What do you have to study to become a nurse?
Before you study to become a nurse, you must first decide whether or not you are studying to become a Licensed Practical Nurse (LPN) or a Registered Nurse (RN). Each of these pathways will result in your having to take an exam with the Board of Nursing in your state and will allow you practice in many different healthcare fields.
In order to become an LPN, Most states will require you to obtain training through a 2-year college, technical school, or some other training program that is accredited by the state. In most LPN programs, you will receive practical training in the areas of pharmacology, medical-surgical nursing, Obstetrics, and Pediatrics, etc. (https://www.nursinglicensure.org/articles/how-to-become-an-lpn.html). At the end of your training, you will receive a certificate as well as the ability to sit for an exam through your state board of nursing using a third party testing site.
For those interested in becoming an RN, the education options are: Associates Degree in Nursing (ADN), Diploma Program, and Bachelor's of Science Degree in Nursing (BSN). You are usually required to take college level courses in English, Sciences, Math, and Social Sciences prior to applying to the program. Program length for RN is anywhere from 2-4 years. Expect to study life sciences such as biology, microbiology, anatomy, physiology, pharmacology, maternity, psychiatric nursing, etc. (https://www.nursinglicensure.org/articles/how-to-become-an-rn.html)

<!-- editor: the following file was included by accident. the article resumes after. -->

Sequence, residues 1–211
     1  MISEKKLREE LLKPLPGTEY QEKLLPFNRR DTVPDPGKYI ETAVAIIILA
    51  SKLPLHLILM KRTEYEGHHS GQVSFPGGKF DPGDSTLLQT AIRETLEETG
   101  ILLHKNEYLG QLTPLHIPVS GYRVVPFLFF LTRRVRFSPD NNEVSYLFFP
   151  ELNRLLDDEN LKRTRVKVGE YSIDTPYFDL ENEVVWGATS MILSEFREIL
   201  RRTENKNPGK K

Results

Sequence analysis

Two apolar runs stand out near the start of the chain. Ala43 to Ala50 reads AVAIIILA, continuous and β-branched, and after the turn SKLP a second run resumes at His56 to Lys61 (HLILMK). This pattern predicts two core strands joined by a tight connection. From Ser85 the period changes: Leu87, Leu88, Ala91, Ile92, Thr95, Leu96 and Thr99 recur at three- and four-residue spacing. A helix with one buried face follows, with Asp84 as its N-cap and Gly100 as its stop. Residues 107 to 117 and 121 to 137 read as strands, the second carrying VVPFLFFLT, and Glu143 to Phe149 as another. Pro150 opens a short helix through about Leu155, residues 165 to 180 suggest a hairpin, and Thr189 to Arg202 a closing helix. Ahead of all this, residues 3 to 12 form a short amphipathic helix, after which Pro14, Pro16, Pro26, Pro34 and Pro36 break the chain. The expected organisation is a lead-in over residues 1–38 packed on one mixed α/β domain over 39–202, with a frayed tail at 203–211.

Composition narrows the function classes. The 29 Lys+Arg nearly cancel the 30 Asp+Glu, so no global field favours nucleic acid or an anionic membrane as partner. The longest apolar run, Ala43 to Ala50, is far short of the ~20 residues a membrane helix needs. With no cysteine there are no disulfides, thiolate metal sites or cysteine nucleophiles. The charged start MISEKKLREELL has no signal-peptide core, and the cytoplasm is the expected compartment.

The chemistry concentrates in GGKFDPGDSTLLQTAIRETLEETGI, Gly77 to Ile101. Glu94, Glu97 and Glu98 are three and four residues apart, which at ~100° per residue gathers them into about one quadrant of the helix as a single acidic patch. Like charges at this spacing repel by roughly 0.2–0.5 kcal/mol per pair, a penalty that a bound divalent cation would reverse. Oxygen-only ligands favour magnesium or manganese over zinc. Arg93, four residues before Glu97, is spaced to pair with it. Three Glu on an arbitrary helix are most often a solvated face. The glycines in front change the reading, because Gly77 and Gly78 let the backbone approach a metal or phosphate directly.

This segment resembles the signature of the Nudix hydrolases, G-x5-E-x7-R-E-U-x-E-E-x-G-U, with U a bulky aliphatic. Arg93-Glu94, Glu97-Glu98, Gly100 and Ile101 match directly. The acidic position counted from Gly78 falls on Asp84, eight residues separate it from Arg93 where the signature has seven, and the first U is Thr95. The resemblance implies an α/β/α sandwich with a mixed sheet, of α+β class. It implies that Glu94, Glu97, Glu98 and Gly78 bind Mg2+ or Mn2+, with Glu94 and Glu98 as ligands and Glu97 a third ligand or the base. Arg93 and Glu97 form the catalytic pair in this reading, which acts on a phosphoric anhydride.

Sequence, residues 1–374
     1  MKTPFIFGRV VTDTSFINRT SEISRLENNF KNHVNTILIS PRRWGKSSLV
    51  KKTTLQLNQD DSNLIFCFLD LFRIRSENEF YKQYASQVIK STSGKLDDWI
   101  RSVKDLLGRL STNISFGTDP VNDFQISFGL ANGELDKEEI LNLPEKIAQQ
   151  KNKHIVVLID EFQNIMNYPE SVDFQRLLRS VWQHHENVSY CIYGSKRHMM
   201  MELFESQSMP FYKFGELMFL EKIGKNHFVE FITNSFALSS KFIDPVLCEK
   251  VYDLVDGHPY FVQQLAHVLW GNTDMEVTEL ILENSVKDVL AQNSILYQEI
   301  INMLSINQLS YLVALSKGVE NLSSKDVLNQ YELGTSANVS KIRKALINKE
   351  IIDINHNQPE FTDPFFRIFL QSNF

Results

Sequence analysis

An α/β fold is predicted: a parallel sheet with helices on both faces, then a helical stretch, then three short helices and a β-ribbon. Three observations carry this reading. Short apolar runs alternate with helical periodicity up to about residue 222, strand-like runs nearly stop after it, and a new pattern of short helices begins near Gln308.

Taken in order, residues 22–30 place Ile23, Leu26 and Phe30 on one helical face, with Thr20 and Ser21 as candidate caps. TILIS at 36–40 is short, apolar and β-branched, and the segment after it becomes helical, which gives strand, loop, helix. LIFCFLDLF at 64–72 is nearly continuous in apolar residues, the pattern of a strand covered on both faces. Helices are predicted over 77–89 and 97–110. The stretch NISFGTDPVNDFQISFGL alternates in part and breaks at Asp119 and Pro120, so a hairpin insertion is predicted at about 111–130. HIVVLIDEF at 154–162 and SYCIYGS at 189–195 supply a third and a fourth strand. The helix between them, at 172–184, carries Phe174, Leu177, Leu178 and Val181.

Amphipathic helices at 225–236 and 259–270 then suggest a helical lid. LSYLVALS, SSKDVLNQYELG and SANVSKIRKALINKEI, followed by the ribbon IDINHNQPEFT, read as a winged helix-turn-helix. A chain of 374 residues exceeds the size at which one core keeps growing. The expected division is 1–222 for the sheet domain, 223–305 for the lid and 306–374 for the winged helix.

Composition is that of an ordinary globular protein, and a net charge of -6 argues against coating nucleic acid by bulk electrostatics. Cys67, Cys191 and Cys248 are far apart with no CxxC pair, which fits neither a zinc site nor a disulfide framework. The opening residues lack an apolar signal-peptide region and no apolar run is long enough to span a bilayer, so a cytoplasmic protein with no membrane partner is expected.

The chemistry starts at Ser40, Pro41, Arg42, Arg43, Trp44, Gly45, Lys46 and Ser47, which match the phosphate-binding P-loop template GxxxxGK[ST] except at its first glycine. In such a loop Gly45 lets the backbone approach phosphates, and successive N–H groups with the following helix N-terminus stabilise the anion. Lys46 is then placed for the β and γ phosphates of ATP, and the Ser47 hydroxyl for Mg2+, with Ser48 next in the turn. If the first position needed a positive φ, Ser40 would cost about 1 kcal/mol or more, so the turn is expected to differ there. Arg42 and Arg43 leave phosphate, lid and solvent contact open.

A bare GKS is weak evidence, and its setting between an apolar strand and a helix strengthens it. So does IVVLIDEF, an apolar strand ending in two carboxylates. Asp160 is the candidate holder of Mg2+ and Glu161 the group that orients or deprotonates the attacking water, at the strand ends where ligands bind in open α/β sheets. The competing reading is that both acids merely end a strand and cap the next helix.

I received my RN training from a hospital-based Diploma program. This took me 2 years. I then applied to a University to complete my BSN in a fast track RN-BSN program that only took 3 semesters giving me a total of 3.5 years to receive my RN training with a BSN. I am happy that I received my education in that order because I was able to enter the workforce immediately with my Diploma while my employer provided tuition reimbursement as I pursued my BSN.
Tasha recommends the following next steps:
In order to become a Registered Nurse (RN), you must earn, at a minimum, an associate's degree but bachelors of science degrees in nursing (BSNs) are also available. Both associate's degrees and bachelor's degrees include coursework in sciences such as anatomy, nutrition, chemistry, microbiology, and nutrition. Associate's degrees, which typically set you up to work in entry-level nursing positions, require 2 - 3 years while a bachelor's degree typically takes four years but can offer opportunities for better compensation.
After completing your degree program, you’ll need to take the National Council Licensure Examination (NCLEX). That exam requires applying for a nursing license from your home state.
Although pursuing a career in nursing requires considerable academic effort and work, it is a very rewarding career! If you're interested in learning more, you can find additional information on these sites:
Walt recommends the following next steps: